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Hurt and Rescue principle


Principles > Hurt and Rescue principle

Principle | How it works | So what?



'A drowning person will clutch at a straw', so push them in the water, then throw them a rope.

How it works

'Hurt and Rescue' is the underlying principle beneath many different persuasion methods.


Hurting the other person does not mean physical harm and it may not even mean making them feel bad, but it does mean creating a tension that they want to resolve.

Negative and positive hurt

Negative hurting means making them feel pain of some kind, pointing out what is wrong, making them want to get away from something.

Positive hurt, on the other hand, means making the other person want something, creating desire, seeing what is good.

Active and passive hurt

Actively hurting someone means taking deliberate action, setting them up, causing them pain by what you do.

Passive hurt may mean deliberately allowing a person to be hurt when you could rescue them earlier (perhaps to have a greater effect later).


Rescuing a person means removing their hurt, saving themselves from their pains. It creates closure and relief.

Rescuing can be a bit like fishing. It's not just about reeling in the fish. If they feel you pulling, then they may pull back and you end up either with a tug of way or a broken line and a fish disappearing into the distance.

Grasping hopefully at straws

Rescue may start with hope, as people envisage and predict the relief of being rescued. Thus they will grasp at straws in the desperate hope of rescue.


In the ideal rescue, the solution is available and the person rescues themself without your intervention. This can be arranged, for example, by putting it in their path and helping them to 'find' it. You can then be suitably impressed and congratulate them.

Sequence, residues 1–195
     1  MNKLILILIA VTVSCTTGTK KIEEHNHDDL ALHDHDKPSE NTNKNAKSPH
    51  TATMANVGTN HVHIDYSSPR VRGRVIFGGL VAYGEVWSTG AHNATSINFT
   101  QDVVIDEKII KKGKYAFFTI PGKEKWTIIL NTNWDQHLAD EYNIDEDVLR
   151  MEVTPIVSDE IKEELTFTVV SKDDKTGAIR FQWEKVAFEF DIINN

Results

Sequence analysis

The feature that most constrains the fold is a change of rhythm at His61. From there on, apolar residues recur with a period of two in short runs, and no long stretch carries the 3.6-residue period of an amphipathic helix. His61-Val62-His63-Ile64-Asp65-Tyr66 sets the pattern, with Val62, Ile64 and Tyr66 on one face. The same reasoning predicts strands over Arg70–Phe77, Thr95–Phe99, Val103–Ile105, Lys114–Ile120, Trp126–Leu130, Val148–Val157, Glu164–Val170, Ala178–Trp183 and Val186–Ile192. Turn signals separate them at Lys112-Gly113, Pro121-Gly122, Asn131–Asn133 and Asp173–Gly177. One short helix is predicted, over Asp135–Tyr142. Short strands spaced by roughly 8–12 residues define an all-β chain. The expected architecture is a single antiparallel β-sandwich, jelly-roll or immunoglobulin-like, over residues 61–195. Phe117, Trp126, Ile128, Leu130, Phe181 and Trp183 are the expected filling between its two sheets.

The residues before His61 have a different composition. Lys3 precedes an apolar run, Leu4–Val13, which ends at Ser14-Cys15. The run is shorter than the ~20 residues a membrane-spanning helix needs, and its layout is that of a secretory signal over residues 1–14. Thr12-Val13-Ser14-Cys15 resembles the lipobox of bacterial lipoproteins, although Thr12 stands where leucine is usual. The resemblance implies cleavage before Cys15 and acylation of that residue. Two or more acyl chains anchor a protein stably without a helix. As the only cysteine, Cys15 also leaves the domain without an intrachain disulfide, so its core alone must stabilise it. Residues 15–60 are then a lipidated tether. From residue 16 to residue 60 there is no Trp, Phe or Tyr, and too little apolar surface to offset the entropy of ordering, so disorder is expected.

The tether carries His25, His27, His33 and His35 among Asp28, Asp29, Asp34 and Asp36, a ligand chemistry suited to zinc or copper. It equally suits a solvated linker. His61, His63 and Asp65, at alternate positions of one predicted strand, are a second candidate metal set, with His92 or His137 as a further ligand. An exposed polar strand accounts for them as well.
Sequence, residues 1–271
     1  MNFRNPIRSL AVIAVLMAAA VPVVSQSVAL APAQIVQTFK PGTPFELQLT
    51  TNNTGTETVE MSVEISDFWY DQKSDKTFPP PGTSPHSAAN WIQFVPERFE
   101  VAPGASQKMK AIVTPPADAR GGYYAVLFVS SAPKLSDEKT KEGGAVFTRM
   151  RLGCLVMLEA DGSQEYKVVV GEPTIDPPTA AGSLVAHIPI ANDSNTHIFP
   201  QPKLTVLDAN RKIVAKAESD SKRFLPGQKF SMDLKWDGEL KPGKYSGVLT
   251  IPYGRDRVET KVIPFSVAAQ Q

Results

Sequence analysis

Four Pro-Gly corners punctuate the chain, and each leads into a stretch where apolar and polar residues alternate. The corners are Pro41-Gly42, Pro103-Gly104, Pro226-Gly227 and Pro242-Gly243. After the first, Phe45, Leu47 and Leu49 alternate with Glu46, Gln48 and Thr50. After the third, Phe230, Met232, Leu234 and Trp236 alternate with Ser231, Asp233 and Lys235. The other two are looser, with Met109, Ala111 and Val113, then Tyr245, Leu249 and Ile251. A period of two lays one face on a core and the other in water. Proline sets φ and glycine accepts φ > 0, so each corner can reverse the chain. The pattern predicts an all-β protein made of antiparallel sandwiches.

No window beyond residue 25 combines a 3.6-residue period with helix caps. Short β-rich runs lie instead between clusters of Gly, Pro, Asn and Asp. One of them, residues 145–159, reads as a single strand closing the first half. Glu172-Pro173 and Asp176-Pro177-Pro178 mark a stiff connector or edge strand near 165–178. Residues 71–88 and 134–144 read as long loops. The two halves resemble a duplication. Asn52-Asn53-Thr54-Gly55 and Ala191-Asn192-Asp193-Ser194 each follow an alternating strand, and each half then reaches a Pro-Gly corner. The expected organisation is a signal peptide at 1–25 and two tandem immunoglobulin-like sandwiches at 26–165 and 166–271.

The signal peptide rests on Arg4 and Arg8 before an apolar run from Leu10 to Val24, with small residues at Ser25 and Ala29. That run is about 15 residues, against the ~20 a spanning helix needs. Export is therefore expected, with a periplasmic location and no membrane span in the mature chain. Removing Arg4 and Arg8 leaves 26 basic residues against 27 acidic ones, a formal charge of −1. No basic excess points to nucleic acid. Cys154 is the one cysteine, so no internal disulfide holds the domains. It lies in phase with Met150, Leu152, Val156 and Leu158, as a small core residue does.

A key benefit of self-rescue is that they fully own the solution hence are likely to adopt it more fully.

Requested rescue

It helps a great deal if, rather than having rescue thrust upon the person, they ask for it first. This helps to ensure they appreciate and own the solution.

Offered rescue

In practice, it is often necessary for you to offer rescue, such as when they cannot see a solution even when it is in front of them.
When doing this, you may get some objections and resistance which you must handle.

Enforced rescue

Finally, you may effect the rescue without their permission, for example when they are in imminent danger.
In such cases, they may not realize they are hurt and may strongly resist your rescue attempts.


Another way of using 'hurt and rescue' is to show that you are hurt and let them be the hero, rescuing you.

So what?

'Hurt and Rescue' seems pretty negative, by the way, but do not be fooled by the wording. As with most methods, it can be used for good or bad.

Hurt and rescue methods can range from the classic 'Good cop--bad cop' routine to the most principled of therapeutic technique.

See also

Theories about how we handle discomfort, Theories about power

Push principle, Pull

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